Clinicians who treat patients with cancer tend to hold firm to the belief that removing, if possible, any tissue known to contain any cancer cells is important for maximizing a patient’s chance of survival. For patients with breast cancer, some advocate using ultrasensitive immunohistochemical techniques to determine whether cancer cells have spread to nearby “sentinel” lymph nodes in the axilla (armpit area). Women who are found by such testing to have these “micrometastases,” which are undetectable by conventional microscopic examination, are advised to undergo complete axillary lymph node dissection—removal of most of the lymph nodes under the arm—a procedure that may cause such complications as severe swelling of the arm.
In today’s JAMA, a new study reports that women with early-stage breast cancer who had evidence of these micrometastases in their axillary lymph nodes were as likely as those who did not to be alive more than 6 years later. These findings follow results published from another breast cancer treatment trial published earlier this year in JAMA showing that among women who had evidence of breast cancer spread to their axillary lymph nodes, those who had all of their axillary lymph nodes excised did not fare better than those who did not have the surgery.
news@JAMA spoke with Armando E. Giuliano, MD, of the John Wayne Cancer Institute at Saint John’s Health Center in Santa Monica, California, and lead author of the new JAMA study, about the study’s implications for patient care.
news@JAMA: Are these studies game changers? Do they suggest that most women with breast cancer found to have these micrometastases should not undergo surgical removal of axillary lymph nodes?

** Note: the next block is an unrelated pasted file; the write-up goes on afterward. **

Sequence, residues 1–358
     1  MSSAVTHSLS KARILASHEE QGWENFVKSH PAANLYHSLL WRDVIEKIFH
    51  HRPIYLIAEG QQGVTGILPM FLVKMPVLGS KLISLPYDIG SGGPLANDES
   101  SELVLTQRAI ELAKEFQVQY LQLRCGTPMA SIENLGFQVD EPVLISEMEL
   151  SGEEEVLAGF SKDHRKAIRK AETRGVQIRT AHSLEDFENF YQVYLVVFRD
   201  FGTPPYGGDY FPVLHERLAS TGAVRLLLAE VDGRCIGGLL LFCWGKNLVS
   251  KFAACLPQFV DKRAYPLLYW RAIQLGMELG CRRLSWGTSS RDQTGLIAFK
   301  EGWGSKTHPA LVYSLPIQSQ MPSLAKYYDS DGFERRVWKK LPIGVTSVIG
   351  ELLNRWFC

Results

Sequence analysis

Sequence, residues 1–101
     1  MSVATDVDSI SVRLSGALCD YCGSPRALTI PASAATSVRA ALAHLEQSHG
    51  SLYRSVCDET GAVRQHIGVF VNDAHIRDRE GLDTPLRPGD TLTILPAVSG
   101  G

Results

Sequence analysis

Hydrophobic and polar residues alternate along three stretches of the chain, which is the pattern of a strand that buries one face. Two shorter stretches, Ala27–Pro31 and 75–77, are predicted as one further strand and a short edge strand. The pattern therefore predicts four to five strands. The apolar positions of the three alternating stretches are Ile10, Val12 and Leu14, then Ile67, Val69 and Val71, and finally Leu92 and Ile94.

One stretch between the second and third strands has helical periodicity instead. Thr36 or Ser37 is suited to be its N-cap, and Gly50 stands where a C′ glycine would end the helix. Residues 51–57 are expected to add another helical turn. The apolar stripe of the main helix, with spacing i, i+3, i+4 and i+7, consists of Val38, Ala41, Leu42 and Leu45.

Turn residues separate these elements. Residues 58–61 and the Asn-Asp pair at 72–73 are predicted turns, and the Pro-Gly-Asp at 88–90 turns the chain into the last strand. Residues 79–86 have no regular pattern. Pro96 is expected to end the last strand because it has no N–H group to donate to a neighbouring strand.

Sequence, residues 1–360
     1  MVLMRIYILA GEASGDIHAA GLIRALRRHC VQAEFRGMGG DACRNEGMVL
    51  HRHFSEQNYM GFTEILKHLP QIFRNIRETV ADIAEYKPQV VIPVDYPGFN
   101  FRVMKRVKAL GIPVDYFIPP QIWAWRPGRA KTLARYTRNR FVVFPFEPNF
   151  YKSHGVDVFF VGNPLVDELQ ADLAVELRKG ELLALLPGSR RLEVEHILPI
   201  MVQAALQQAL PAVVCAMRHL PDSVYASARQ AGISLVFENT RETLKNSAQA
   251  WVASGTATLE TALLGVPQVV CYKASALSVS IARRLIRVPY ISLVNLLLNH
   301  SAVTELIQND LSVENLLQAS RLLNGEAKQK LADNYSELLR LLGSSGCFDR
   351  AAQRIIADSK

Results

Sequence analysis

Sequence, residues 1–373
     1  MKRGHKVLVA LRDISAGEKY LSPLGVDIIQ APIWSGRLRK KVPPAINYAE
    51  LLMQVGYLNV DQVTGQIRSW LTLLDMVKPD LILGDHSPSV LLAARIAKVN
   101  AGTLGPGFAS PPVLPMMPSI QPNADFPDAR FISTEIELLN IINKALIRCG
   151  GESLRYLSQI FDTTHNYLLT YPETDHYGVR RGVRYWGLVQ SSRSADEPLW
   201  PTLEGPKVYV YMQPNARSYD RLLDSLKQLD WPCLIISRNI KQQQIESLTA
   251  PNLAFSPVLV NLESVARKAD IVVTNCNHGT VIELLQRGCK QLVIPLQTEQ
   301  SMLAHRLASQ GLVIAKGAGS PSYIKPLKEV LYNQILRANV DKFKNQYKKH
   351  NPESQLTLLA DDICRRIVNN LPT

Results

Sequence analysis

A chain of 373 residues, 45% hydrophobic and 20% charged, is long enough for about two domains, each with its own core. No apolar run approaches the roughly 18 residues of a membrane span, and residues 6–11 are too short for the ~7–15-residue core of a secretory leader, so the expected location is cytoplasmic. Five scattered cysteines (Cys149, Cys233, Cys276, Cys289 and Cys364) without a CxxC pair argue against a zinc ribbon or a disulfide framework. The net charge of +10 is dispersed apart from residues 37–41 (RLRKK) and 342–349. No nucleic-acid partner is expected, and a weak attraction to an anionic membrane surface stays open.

Dr Giuliano: These studies should change the way breast cancer is treated. The randomized trial of women with sentinel nodes involved with metastases showed no benefit from more radical axillary surgery after sentinel node biopsy for selected patients. The second study, looking at the prognostic significance of micrometastases, showed no adverse impact on survival of patients with small metastases in their sentinel nodes. This study, along with other recent studies, argues against the routine examination of sentinel nodes with immunohistochemistry and argues against basing more extensive treatment on these micrometastatic findings.
news@JAMA: Patients in both of the studies had breast cancer that had been classified as stage I or stage II breast cancer. What proportion of women in the United States with breast cancer have stage I or II disease?
Dr Giuliano: These represent the majority of patients who undergo surgery for breast cancer in the United States. Stage I breast cancers are small cancers with tumor-free nodes, whereas stage II cancers are larger or have involved nodes.
news@JAMA: Aside from surgical removal of the breast cancer itself—lumpectomy—what other treatments did these women get that may have an effect on survival and spread to the axillary lymph nodes?
Dr Giuliano: Aside from lumpectomy and sentinel node biopsy, it is important to remember that patients in these studies were treated with adjuvant systemic therapy—chemotherapy, hormonal therapy, or both. In addition, they had whole breast irradiation. These adjuvant treatments probably impacted not only survival but axillary recurrence rates.
news@JAMA: Is there a role for axillary lymph node dissection in any women with breast cancer? If so, for whom?
Dr Giuliano: Women who have clinically palpable metastases in lymph nodes should undergo axillary lymph node dissection. In addition, women treated with mastectomy, [preoperative] chemotherapy, accelerated partial breast irradiation, or radiation in the prone position still should have axillary lymph node dissection when lymph nodes are involved with tumor. The presence of micrometastases, however, should usually not warrant more aggressive therapy after lumpectomy.
news@JAMA: Should sentinel node sampling still be done for women with stage I/II breast cancer, given that your findings suggest that information gained from sentinel node sampling does not guide further treatment?
Dr Giuliano: Sentinel lymph node biopsy should still be performed for patients with early breast cancer as findings may change the use or type of adjuvant systemic therapy or reveal the need for axillary dissection. Sentinel node biopsy remains part of the standard management for early breast cancer.